For Wolsky, this is the first curriculum she has tackled where there is not a consensus in the educational community about what preschoolers should know. Unlike other shows she has done in the past, this show will be designed in a way where students can watch long or short versions of the show. She says this allows them to easily upload the videos on other platforms such as tablets and smartphones.

“In the olden days the tv show would come first, and now when we think about a show from the very get-go we are thinking about all the platforms,” explains Wolsky.

WGBH staff members, working with researchers from Education Development Center, are in the process of creating a blueprint that identifies the educational goals and then lays out a trajectory of how children will gain these skills. They are working closely with Professor Marina Umaschi Bers who teaches computer science at Tufts and researchers from the Center for Digital Education to measure the show’s impact.

p.p1 {margin: 0.0px 0.0px 0.0px 0.0px; font: 15.0px Helvetica; color: #ff2500; -webkit-text-stroke: #ff2500} span.s1 {font-kerning: none}

For now, the show is only in the research and development phases. With funding from the National Science Foundation and the Public Broadcasting Service (PBS), WGBH staff plan to create an animated pilot while simultaneously researching media parent’s engagement with children and the integration of computational thinking with math in a preschool classroom. They hope that after the development period, in which PBS will test the pilot on groups of children to see how engaging and educational the program is, they will get the green light to do a 40 episode series on PBS.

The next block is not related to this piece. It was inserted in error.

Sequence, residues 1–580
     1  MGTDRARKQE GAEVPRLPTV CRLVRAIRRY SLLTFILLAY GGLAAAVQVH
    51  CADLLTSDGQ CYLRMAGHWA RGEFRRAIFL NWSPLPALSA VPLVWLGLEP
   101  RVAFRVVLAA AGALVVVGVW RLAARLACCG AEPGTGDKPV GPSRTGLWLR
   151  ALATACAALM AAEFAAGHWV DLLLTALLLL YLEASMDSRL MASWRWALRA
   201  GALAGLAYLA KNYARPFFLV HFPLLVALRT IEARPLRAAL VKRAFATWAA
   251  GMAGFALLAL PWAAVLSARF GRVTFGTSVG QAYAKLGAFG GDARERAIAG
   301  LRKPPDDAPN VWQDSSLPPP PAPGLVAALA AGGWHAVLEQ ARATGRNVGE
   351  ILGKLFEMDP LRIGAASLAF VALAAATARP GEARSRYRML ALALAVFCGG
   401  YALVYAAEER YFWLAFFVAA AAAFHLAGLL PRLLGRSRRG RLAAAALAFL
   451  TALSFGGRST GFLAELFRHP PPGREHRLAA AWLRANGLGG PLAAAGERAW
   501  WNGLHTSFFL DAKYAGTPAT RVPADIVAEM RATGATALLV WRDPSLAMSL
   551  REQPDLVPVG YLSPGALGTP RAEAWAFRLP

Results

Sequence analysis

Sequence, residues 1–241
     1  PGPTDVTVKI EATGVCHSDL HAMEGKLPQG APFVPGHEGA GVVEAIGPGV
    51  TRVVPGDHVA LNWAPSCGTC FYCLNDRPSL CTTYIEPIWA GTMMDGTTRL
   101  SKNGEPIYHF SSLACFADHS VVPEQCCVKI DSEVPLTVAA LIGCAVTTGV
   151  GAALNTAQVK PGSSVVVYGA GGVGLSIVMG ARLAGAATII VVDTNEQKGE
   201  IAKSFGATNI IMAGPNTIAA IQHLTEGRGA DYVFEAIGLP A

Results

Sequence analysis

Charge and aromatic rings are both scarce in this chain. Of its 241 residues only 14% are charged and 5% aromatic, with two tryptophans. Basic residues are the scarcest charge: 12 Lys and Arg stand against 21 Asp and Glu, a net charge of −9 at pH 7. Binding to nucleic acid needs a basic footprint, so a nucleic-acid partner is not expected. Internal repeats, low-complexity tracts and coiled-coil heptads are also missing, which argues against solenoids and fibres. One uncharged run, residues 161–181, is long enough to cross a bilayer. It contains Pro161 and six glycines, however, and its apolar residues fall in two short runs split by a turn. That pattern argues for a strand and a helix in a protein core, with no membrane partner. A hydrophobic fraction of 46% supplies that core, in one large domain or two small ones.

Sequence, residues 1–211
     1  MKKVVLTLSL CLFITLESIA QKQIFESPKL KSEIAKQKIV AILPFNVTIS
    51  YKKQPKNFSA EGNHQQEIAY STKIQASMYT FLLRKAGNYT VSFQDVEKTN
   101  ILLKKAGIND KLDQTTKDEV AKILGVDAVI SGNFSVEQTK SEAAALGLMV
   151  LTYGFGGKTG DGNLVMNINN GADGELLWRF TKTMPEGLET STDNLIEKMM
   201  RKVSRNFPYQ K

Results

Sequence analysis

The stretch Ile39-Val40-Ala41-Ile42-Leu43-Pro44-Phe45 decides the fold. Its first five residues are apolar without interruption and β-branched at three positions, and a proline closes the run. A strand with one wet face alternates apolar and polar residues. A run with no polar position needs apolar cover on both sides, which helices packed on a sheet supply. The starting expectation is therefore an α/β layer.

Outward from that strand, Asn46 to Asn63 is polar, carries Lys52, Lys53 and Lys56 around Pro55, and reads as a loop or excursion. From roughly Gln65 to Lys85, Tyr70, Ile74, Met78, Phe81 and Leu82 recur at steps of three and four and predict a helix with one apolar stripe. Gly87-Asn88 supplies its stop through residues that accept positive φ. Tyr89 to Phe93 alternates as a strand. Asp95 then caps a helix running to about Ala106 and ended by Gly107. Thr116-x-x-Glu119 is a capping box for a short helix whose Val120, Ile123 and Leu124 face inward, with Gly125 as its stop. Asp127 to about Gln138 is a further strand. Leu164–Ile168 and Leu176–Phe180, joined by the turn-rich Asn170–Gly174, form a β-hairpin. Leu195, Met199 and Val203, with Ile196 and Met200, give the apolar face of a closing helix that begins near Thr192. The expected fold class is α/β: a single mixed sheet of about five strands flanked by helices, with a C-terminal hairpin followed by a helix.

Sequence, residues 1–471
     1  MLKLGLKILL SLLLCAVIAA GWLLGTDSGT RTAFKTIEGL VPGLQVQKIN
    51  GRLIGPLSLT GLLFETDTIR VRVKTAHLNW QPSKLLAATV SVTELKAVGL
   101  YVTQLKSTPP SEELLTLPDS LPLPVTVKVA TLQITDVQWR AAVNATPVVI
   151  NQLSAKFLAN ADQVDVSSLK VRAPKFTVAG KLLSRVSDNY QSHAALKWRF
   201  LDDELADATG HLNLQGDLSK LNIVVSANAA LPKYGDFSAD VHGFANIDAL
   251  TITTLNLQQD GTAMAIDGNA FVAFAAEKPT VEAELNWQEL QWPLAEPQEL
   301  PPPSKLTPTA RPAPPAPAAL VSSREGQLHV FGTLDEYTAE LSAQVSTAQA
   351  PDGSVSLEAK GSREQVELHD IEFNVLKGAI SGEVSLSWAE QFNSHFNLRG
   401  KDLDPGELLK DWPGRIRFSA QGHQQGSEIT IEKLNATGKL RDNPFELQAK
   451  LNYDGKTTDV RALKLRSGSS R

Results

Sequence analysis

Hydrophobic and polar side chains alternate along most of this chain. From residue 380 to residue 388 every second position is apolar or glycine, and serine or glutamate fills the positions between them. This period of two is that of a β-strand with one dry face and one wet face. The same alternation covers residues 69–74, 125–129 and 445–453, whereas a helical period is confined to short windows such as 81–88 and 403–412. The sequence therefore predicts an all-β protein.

The pilot is expected to be released in the fall, and the following Spring PBS will let WGBH team members know if the program is effective. Then the final series will be completed in 2019.

“It is important to note the difference between us and commercial television,” says Wolsky. “We take the time it needs to figure out how we can impact kids and it takes money, so we are lucky to have funding to take the time to create something that will make a difference in the world.”